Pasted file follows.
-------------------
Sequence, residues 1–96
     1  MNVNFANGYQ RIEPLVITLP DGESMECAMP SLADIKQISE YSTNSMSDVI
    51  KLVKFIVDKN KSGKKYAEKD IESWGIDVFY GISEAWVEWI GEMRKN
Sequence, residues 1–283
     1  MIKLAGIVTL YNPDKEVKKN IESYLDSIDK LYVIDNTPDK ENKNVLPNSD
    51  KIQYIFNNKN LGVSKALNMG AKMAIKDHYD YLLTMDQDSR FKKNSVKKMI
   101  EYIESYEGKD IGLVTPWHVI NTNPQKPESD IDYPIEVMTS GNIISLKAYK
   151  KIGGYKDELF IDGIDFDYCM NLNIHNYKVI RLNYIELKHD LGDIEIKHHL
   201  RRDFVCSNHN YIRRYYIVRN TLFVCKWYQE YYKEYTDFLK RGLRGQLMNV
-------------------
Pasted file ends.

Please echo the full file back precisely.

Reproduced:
Sequence, residues 1–96
     1  MNVNFANGYQ RIEPLVITLP DGESMECAMP SLADIKQISE YSTNSMSDVI
    51  KLVKFIVDKN KSGKKYAEKD IESWGIDVFY GISEAWVEWI GEMRKN
Sequence, residues 1–283
     1  MIKLAGIVTL YNPDKEVKKN IESYLDSIDK LYVIDNTPDK ENKNVLPNSD
    51  KIQYIFNNKN LGVSKALNMG AKMAIKDHYD YLLTMDQDSR FKKNSVKKMI
   101  EYIESYEGKD IGLVTPWHVI NTNPQKPESD IDYPIEVMTS GNIISLKAYK
   151  KIGGYKDELF IDGIDFDYCM NLNIHNYKVI RLNYIELKHD LGDIEIKHHL
   201  RRDFVCSNHN YIRRYYIVRN TLFVCKWYQE YYKEYTDFLK RGLRGQLMNV